thewolfofwallstreet6Of course, The Wolf of Wall Street is quite candid about its leading character. Jordan Belfort is a crook and a hustler. He is unreliable narrator. The film draws attention to this repeatedly, most notably in the difference between his own account of a drugged-up drive home from a country club and the actual consequences of that drive home. Much like Goodfellas or Casino, Scorsese makes this quite clear to the viewer without holding their hands; a decision which demonstrates considerable respect, but leaves him open to inevitable criticisms of “glorifying” his subject.

Rather than trying to offer a correct and balanced account of Belfort’s antics, The Wolf of Wall Street shrewdly allows Belfort enough rope to hang himself – something the film acknowledges as early as his opening narration allowing Belfort to dictate the colour of his Lamborghini (“it was white, like Don Johnson’s on Miami Vice!”) in the middle of the scene. As such, The Wolf of Wall Street allows Belfort his little self-justifying moments of decency amid his larger moments of cruelty, contempt, misogyny, aggression and ruthlessness.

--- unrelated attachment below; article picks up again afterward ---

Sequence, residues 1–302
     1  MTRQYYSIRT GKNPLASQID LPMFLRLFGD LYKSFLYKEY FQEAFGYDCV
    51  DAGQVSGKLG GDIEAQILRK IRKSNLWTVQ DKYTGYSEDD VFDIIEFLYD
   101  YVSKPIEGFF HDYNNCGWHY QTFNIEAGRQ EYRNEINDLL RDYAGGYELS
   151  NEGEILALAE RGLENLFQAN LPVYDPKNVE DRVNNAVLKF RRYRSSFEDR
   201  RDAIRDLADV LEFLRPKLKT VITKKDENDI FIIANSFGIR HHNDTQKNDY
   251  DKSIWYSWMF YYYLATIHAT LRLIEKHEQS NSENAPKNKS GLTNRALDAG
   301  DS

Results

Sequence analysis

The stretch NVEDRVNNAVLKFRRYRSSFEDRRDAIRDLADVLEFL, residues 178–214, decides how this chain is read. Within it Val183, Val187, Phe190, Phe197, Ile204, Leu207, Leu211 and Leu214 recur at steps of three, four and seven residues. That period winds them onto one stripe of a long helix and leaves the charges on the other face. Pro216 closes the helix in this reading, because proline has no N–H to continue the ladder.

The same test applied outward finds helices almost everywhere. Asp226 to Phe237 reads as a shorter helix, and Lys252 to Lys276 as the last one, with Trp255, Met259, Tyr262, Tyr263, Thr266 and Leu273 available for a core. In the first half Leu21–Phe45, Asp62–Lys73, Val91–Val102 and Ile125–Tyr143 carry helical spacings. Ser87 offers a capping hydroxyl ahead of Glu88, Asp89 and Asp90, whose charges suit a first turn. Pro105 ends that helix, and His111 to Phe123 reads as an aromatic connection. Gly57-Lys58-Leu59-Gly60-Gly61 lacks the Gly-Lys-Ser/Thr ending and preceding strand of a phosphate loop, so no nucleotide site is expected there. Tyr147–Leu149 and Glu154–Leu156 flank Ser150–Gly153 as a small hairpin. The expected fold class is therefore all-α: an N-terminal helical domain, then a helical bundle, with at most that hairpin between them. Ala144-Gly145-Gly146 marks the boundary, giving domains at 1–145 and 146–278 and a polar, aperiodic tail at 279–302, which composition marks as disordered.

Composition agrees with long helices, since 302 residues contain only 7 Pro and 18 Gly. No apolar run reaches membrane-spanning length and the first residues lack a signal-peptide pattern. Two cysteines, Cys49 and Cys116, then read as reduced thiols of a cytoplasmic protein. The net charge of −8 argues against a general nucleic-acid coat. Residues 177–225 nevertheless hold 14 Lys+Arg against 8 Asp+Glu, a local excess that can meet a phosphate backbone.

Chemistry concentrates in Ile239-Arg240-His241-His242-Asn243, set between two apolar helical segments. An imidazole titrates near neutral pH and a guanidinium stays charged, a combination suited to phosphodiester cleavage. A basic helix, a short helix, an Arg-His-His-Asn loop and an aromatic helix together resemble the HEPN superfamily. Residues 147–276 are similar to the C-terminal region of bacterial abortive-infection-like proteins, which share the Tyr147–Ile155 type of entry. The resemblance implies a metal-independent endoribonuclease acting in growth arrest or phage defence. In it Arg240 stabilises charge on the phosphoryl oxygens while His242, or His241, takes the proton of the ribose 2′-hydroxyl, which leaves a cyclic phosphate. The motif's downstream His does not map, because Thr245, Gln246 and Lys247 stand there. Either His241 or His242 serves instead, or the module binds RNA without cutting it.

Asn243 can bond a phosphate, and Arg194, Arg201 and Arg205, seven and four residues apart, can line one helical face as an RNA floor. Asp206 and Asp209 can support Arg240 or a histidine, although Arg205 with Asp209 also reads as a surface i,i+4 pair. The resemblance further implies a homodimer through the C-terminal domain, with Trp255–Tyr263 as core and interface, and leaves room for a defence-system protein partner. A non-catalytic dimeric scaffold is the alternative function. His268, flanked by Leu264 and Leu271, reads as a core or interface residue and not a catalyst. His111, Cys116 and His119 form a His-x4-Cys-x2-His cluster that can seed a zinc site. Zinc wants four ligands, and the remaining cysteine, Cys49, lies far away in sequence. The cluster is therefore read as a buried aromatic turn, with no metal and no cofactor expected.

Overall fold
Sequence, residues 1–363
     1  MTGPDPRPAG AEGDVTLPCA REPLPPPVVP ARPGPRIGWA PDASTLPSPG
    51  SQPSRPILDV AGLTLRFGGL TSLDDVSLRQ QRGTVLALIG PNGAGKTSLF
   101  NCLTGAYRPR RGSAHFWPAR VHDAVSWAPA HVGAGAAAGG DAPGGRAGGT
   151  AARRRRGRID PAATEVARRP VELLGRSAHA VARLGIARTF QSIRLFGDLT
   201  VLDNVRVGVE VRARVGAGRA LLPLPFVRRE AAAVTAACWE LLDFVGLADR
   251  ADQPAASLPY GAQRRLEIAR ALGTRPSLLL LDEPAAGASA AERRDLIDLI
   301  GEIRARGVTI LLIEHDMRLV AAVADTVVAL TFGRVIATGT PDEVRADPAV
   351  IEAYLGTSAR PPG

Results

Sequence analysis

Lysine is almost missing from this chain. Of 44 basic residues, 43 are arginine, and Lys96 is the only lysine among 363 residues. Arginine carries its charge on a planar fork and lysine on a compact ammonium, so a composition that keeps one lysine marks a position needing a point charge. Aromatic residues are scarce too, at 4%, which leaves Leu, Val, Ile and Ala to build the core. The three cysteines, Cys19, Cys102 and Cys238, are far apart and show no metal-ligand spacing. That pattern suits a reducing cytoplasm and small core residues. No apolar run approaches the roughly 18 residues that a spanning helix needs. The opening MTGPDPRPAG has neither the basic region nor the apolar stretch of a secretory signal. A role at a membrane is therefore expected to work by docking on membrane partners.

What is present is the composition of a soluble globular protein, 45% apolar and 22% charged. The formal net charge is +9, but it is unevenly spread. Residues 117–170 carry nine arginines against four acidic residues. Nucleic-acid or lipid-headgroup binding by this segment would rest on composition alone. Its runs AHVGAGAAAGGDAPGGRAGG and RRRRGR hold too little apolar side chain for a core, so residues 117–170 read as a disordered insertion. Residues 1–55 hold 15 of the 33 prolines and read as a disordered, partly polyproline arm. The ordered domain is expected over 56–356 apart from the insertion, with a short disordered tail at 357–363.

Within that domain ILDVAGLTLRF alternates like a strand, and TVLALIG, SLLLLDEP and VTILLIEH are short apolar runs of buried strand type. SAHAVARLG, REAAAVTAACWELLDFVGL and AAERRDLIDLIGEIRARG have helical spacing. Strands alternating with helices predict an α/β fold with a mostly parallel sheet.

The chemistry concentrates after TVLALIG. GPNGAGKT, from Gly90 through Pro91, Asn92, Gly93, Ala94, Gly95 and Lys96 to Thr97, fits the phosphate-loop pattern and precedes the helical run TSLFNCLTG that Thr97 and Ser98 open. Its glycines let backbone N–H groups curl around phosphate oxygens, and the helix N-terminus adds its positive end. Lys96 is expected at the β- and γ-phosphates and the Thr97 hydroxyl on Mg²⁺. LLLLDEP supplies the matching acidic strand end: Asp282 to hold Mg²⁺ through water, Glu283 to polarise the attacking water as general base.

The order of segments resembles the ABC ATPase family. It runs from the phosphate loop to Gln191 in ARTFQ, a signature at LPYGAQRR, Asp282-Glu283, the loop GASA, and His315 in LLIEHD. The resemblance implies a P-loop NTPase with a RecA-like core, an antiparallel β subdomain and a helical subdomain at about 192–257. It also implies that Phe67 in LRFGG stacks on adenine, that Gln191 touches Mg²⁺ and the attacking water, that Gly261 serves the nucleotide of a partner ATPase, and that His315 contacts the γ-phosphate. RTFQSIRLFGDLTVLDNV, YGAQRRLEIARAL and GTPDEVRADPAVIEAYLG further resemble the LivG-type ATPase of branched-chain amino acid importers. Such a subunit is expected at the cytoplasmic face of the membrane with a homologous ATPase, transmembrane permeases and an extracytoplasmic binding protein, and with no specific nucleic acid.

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There is an argument to be made that The Wolf of Wall Street glamourises this sort of corruption and excess. While it’s hard to argue that The Wolf of Wall Street endorses Jordan Belfort’s lifestyle, it does demonstrate the allure of certain aspects of it. At one point, Belfort attempts to bribe FBI Agent Patrick Denham, the official assigned to investigate accusations of fraud and corruption. Belfort has discovered that Denham at one time attempted to get a stockbroker’s license, but ended up in law enforcement.

“You ever think about what would have happened if you would have, you know, stayed the course?” Belfort asks, in the midst of a conversation about how much wealth he has accumulated and the meagre salary of an FBI agent. “You know what?” Denham confesses. “When I ridin’ home on the subway, and my balls are fucking sweating and I’m wearing the same suit three days in a row, yeah, you…you bet I do. I’ve thought about it before. Who wouldn’t, right?” Denham is playing to Belfort’s vanity, but there seems to be a grain of truth in there.